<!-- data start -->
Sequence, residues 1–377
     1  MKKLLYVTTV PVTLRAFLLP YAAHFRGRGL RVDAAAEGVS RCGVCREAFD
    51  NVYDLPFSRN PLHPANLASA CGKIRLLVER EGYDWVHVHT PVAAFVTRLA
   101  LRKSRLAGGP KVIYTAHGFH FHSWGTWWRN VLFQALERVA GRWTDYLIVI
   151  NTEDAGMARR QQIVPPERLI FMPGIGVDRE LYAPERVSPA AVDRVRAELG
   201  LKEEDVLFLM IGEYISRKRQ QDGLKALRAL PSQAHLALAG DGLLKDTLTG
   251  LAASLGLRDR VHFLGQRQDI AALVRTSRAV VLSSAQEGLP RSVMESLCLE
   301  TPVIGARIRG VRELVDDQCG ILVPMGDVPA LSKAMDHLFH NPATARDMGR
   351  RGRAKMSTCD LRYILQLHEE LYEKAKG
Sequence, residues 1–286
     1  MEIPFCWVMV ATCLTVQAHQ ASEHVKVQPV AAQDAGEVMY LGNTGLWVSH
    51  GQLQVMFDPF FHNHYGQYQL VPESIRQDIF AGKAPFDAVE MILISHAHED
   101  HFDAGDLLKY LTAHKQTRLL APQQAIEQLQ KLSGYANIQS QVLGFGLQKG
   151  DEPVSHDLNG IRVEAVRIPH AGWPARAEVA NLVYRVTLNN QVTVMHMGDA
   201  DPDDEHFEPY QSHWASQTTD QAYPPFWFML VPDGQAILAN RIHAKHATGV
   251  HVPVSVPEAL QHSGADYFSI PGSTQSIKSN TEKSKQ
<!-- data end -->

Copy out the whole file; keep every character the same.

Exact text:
Sequence, residues 1–377
     1  MKKLLYVTTV PVTLRAFLLP YAAHFRGRGL RVDAAAEGVS RCGVCREAFD
    51  NVYDLPFSRN PLHPANLASA CGKIRLLVER EGYDWVHVHT PVAAFVTRLA
   101  LRKSRLAGGP KVIYTAHGFH FHSWGTWWRN VLFQALERVA GRWTDYLIVI
   151  NTEDAGMARR QQIVPPERLI FMPGIGVDRE LYAPERVSPA AVDRVRAELG
   201  LKEEDVLFLM IGEYISRKRQ QDGLKALRAL PSQAHLALAG DGLLKDTLTG
   251  LAASLGLRDR VHFLGQRQDI AALVRTSRAV VLSSAQEGLP RSVMESLCLE
   301  TPVIGARIRG VRELVDDQCG ILVPMGDVPA LSKAMDHLFH NPATARDMGR
   351  RGRAKMSTCD LRYILQLHEE LYEKAKG
Sequence, residues 1–286
     1  MEIPFCWVMV ATCLTVQAHQ ASEHVKVQPV AAQDAGEVMY LGNTGLWVSH
    51  GQLQVMFDPF FHNHYGQYQL VPESIRQDIF AGKAPFDAVE MILISHAHED
   101  HFDAGDLLKY LTAHKQTRLL APQQAIEQLQ KLSGYANIQS QVLGFGLQKG
   151  DEPVSHDLNG IRVEAVRIPH AGWPARAEVA NLVYRVTLNN QVTVMHMGDA
   201  DPDDEHFEPY QSHWASQTTD QAYPPFWFML VPDGQAILAN RIHAKHATGV
   251  HVPVSVPEAL QHSGADYFSI PGSTQSIKSN TEKSKQ